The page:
Got my new Tecsun S2000 in the mail today and we’re going to lay out our first impressions. Probably won’t find one of these guys on Amazon and I picked mine up from eBay but it really came from anon-co.
It’s just a little bit scary to order stuff from eBay that you know comes from Hong Kong however after doing the requisite research the consensus in the Ham community was this:
“You should not hesitate for one second to order from anon-co”.
So I ordered one. Almost immediately I began getting emails from them telling me exactly what to expect, how they were shipping (Fed Ex) and then cordially reminded me to ensure my phone number was up to date so Fed Ex could communicate delivery instructions to me and all other manner of useful information. These are clearly people who gave a darn I bought something from them and helped me to make it as smooth as possible. The emails i got clearly were NOT form mails either. It was a pleasure to do business with people like that.
Even though the radio came from Hong Kong it showed in just 3 or 4 days. Also I’m told by the masses in the Ham community that if something goes wrong that anon-co is awesome at fixing problems. All good news.
So here are my first impressions.
The radio is a little smaller than I thought however that matters not to me. Just from pics I imagined something larger. I assure you that is just me.
The next thing I noticed was that this thing really appeals to the man in you.
This is kind of what radios looked like when I was a kid. Big old tuning knob, military type appearance with rack handles and a VU looking signal meter.
Wow, this thing really pegs the nostalgia meter. What’s not to like?
It is a very likable radio, that’s for sure. One of the first things I like to do with a new radio is see if I can figure it out WITHOUT the manual. Some radios are crazy with some settings. “Point the radio to the east at sunset and push the 9 button 16 times to activate slow tuning”. Yeah, okay, I made that up but all of you reading this know exactly what I’m talking about regarding intuitiveness.
For the most part, it was no trouble to figure out things and nothing that made me scratch my head was noteworthy enough to capture here in this blog.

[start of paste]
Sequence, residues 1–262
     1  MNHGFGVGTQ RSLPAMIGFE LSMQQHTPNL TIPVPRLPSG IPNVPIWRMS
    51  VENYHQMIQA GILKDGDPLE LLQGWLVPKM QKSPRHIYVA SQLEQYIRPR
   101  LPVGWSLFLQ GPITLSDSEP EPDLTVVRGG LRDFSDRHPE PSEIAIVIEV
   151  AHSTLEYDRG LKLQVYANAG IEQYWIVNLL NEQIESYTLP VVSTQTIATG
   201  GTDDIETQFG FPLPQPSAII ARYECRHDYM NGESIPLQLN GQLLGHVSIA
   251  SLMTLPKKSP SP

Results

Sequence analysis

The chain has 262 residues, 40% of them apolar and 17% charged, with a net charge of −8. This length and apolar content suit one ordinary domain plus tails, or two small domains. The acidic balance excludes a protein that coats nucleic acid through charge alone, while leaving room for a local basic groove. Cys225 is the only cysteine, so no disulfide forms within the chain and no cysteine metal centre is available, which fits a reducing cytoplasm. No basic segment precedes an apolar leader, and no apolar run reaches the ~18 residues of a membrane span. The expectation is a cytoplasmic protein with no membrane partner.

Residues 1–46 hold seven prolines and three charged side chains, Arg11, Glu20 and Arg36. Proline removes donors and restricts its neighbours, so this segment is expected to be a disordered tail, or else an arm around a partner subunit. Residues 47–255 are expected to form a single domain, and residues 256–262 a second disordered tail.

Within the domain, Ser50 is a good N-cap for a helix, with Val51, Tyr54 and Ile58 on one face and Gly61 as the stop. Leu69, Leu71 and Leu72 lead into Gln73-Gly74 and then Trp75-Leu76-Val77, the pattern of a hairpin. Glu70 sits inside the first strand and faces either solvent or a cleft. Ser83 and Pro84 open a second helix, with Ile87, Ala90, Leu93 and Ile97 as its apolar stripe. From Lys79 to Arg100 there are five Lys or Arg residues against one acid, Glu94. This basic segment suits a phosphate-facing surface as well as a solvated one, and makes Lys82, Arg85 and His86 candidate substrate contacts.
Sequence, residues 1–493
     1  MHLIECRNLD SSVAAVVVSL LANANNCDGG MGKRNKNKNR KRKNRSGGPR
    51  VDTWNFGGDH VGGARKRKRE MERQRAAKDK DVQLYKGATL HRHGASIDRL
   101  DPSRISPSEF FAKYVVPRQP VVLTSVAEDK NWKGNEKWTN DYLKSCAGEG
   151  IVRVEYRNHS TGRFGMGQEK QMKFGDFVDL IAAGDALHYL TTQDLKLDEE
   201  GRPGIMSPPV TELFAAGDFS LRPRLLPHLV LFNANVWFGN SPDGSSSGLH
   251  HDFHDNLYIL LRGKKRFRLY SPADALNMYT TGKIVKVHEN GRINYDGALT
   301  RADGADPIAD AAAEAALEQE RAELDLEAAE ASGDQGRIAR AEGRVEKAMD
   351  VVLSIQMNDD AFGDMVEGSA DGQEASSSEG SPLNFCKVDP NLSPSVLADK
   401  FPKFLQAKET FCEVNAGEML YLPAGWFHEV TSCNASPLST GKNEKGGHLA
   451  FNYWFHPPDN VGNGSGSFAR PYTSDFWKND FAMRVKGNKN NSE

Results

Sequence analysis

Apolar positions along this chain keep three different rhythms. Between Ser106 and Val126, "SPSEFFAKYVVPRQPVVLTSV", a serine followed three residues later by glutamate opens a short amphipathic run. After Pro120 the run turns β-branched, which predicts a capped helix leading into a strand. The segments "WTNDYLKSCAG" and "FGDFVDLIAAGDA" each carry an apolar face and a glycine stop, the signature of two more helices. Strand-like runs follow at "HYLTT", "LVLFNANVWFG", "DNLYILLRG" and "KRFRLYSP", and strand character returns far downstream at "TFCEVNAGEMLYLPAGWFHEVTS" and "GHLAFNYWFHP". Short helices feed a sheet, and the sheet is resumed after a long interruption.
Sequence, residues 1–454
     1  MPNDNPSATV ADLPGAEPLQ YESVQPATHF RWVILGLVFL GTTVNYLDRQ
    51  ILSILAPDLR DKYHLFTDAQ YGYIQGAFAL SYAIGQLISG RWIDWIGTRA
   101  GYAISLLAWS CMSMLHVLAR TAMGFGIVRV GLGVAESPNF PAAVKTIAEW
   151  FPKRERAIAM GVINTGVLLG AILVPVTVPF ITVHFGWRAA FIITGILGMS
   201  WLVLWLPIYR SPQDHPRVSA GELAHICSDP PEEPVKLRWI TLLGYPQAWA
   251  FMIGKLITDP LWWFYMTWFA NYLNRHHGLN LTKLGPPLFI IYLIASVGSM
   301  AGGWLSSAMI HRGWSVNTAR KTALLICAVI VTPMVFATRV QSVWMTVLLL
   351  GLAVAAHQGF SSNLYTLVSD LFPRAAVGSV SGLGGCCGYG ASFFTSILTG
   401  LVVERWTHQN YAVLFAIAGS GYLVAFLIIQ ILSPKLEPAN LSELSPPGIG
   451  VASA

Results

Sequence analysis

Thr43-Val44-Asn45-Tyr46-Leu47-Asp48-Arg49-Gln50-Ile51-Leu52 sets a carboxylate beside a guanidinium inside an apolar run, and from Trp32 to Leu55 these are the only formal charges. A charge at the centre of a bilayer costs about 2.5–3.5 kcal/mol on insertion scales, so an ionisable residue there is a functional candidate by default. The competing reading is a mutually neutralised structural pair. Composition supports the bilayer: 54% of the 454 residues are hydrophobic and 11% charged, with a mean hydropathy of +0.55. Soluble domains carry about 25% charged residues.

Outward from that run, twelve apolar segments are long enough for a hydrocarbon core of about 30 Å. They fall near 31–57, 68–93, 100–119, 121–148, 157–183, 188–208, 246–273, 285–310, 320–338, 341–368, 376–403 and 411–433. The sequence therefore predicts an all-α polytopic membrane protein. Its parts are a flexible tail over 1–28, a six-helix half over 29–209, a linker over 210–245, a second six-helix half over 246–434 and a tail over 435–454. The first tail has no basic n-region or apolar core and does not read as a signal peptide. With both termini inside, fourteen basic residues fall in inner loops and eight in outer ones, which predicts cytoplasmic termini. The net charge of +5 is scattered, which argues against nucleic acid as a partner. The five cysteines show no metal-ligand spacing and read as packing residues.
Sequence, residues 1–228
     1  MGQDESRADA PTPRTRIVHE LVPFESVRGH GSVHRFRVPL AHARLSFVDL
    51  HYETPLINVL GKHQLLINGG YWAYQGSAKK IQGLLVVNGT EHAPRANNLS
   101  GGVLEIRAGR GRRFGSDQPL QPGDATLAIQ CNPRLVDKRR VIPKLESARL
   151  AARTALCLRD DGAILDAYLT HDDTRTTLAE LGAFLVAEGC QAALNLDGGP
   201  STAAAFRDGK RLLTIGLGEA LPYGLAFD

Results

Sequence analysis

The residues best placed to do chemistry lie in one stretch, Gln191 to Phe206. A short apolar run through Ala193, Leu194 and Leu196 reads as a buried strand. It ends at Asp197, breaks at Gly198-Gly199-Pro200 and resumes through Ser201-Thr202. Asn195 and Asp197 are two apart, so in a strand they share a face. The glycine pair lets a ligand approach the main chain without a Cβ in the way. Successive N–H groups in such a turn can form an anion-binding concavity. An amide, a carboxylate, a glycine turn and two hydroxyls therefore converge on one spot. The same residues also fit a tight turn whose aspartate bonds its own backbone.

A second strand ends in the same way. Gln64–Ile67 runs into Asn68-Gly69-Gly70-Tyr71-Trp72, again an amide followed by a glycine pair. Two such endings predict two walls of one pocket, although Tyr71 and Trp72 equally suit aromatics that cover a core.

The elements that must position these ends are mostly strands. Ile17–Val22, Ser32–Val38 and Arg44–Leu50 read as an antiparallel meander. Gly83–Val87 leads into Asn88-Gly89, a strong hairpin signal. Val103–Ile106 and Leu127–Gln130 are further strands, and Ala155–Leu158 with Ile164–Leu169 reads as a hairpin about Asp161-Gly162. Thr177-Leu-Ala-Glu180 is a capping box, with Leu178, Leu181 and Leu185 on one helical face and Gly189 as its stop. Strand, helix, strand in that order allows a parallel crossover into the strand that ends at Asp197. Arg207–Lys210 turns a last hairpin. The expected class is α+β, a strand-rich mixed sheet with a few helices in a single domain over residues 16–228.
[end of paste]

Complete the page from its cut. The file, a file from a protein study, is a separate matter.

Now, I can’t say this is a bad thing but it has two external hookups for an FM and a SW antenna. No that’s not the bad thing…………..but they are female BNC connectors. I haven’t seen a BNC connector in a lot of years. Again I’m not saying this is a bad thing I just found it odd. However inside the box in the manual bag are 2 male BNC connectors that you can solder a 50 or 75 ohm coax cable to so that’s pretty decent of them.
However, again, I have a hole punched in my wall and run one antenna cable into the bedroom with an F connector (like cable TV) faceplate. So I don’t really want to strip down a cable that I use for other radios sometimes so the thing to do is to get a BNC adapter like this. Although Amazon has them I ran up to a local Radio and TV repair shop where the guy is a Ham and an SWL’er and picked one up from him.
So I’m good now. Hooked to my di-pole now. It’s the middle of the day here and I tuned to some stuff on the 19 meter band that I can get all day everyday with virtually any radio I have. Sure enough SW reception is working. I’ll have to amend this “First Impressions” report later once I’ve had a chance to listen to some SW and MW at night. I can say FM works great. I have flipped all the switches, and pushed all the buttons, and spun all the knobs and everything appears to be doing what it is supposed to be doing.
There is one thing I noticed and that is when I do a scan when the scan stops on a channel there is a delay before the sound comes up. Not a horrible delay, but feels a little longer than it should since it, you know, locked onto the channel. It goes from real low volume to normal volume. Just seems like the volume should come up quicker after the channel locks in. Look and listen at the delay when it locks into 9565. It goes silent at 1 second into the video and no voice pops out until 3 seconds in. 2 second delay. Is it the end of the world? No. Just an observation. Fortunately, I’m the patient type.
At this point I can say dealing with anon-co was AWESOME, the radio showed up and is working properly (best I can tell) and I love the form factor and nostalgic looks of the Tecsun S2000. I’ll put some comparative stuff up later when I’ve had a chance to so some DX-ing.
NOTE: I sent anon-co an email to let them know I got the radio and “Thanks”. So this morning I check my email and she replied and told me that the radio was set to 9kHz steps and told me how to change to 10 kHz steps. What is funny about this is that I had just woke up and had tested the MW and was slightly unimpressed. I switched over to 10 kHz steps and MW performance is pretty great now. Yeah, I’d have eventually figured it out as I only had an hour or two of use with the radio previously but this just demonstrates the good customer service of anon-co. I don’t mind that the radio is defaulted to 9kHz as that is what is used on the side of the world that it came from. Makes sense the default would be set to that. I’m happy.
As the owner of MANY short wave radios I can state this: “I’m glad I bought it”. And it caused me to clean off my dresser and set up a little DX display with a couple of laptops that are SDR devices.
Finally, one of my very favorite features on a Short Wave Radio (or any radio for that matter) is a dedicated Line Out. This allows you to capture audio directly to a recording device, or in my case a computer using Audacity software. Below is a quick demonstration of how it is done.
And this gives you a better look at the software settings for doing Line Out recording.